The Future Fund retains its right to alter the application process, eligibility criteria and allocation criteria at any time, with details of any such changes posted on its website.
Information for investors
Investors are advised to read the Future Fund FAQs, which are fairly comprehensive and provide useful insights.
How to apply
- Create account – The investor, or lead investor of a group of investors, must first create an account using the Future Fund Portal to be able to sign in and make applications.
- Check eligibility – The investor, or lead investor of a group of investors, then provides information regarding the investment and confirms their eligibility.
- Submit application – The investor, or lead investor of a group of investors, submits their application in connection with an eligible company, and the company (statutory director or the company secretary) then confirms it is happy for the application to be submitted.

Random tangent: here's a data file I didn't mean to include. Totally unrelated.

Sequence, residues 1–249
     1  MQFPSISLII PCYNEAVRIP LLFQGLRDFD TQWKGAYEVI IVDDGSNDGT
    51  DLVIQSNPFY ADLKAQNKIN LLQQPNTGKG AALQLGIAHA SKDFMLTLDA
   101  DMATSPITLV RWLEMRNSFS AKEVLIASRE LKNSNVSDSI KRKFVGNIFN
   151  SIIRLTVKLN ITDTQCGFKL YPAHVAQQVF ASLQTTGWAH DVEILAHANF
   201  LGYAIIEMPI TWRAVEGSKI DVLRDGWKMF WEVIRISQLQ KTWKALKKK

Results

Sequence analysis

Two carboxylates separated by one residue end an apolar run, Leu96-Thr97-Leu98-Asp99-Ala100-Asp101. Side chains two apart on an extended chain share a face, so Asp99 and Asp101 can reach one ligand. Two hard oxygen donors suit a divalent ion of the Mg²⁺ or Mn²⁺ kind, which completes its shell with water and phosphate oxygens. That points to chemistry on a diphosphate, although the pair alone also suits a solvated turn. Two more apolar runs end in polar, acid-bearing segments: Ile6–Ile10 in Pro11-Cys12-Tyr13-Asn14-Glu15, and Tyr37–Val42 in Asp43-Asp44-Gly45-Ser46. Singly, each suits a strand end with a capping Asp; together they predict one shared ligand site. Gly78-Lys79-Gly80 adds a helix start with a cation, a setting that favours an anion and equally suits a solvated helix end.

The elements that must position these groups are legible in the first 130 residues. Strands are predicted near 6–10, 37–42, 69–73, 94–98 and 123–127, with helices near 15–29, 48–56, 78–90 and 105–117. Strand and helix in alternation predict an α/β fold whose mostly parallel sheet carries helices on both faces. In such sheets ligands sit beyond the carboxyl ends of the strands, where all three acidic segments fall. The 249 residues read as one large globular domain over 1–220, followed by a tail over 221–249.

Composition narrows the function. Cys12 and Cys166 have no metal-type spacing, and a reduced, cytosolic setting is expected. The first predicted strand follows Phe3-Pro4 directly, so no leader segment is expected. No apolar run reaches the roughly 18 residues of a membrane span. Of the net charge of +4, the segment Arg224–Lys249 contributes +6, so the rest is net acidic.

The investor(s) must fall within any of the following categories in order to be eligible under the Future Fund scheme:
- an “investment professional” within the meaning given to that term in article 19 of The Financial Services and Markets Act 2000 (Financial Promotion) Order 2005 (“FPO”);
- a high net worth company, unincorporated or associated or high value trust falling within article 49(2) of the FPO;
- a “certified sophisticated investor” or “self-certified sophisticated investor” within the meaning given in articles 50 and 50A respectively of the FPO;
- a “certified high net worth individual” within the meaning of article 48 of the FPO;
- an equivalent professional, high net worth, institutional or sophisticated investor in accordance with applicable law and regulation in such investor’s home jurisdiction;